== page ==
Are you are a volunteer for a fundraising event?
Did you know that running a charity auction at your event can get you into a lot, (and I do mean a lot) of tax trouble?Why?
- Donated goods transactions, particularly in Canada, are rife with fraud. This makes CRA understandably grumpy. This leads to point #2
- It is really hard to tax receipt that donated bottle of wine (or donated anything) properly under Canada Revenue Agency (CRA) guidelines.
- Many charities tax receipt donated goods wrong just out of plain pig ignorance. This also makes CRA legitimately cranky.
- Some donors think that the amount they spend on a charity auction item is tax receiptable. They are wrong. It is not.
- Some charities will incorrectly issue a tax receipt rather than annoy a donor. Just because someone is complaining doesn’t mean they know tax law. This is a bad idea. See Points #1, 3, & 4.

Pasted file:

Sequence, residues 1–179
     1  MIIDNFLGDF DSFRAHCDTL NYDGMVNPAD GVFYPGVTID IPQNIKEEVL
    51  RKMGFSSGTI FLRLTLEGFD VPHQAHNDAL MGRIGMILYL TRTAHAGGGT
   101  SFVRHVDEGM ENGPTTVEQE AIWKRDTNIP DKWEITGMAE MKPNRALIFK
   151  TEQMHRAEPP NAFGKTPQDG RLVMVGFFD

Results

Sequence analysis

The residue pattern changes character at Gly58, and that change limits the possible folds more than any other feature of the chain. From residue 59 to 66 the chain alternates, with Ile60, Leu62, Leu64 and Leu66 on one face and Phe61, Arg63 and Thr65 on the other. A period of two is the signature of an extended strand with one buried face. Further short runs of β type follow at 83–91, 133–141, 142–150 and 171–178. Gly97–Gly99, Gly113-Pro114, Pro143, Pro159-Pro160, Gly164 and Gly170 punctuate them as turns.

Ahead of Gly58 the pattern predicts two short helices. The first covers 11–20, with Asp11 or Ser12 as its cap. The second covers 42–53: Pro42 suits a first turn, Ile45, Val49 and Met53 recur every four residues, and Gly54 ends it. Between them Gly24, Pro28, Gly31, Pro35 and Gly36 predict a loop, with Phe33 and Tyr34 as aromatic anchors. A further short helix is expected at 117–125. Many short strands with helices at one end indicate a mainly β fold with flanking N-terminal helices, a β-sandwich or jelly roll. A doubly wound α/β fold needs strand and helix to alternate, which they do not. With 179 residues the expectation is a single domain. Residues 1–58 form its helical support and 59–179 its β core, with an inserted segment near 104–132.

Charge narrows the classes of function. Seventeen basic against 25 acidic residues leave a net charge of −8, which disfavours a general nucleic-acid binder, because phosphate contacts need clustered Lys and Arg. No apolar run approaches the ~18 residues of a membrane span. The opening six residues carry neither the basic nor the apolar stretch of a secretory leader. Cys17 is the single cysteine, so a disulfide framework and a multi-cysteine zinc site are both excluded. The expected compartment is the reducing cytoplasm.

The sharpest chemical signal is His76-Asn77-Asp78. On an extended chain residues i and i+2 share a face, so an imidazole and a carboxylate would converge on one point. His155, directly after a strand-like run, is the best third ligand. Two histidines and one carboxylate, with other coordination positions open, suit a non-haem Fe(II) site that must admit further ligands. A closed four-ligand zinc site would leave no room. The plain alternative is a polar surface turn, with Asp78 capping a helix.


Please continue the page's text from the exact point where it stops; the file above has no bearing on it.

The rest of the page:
Bottom line is an item that raises $1000 at your auction may lead to an audit, or worse, by Canada Revenue Agency.
If you still want to do a charity auction, you absolutely should. Just be sure you avoid tax receipting trouble spots.
Fine print. I am not a lawyer or accountant, certainly not a charity tax lawyer or charity tax accountant. Check with a charity tax lawyer or charity tax accountant (and not just your friend who happens to be a lawyer but specializes in mergers and acquisitions) for actual advice.
I learned much of this from Mark Blumberg. Any errors are mine, not his.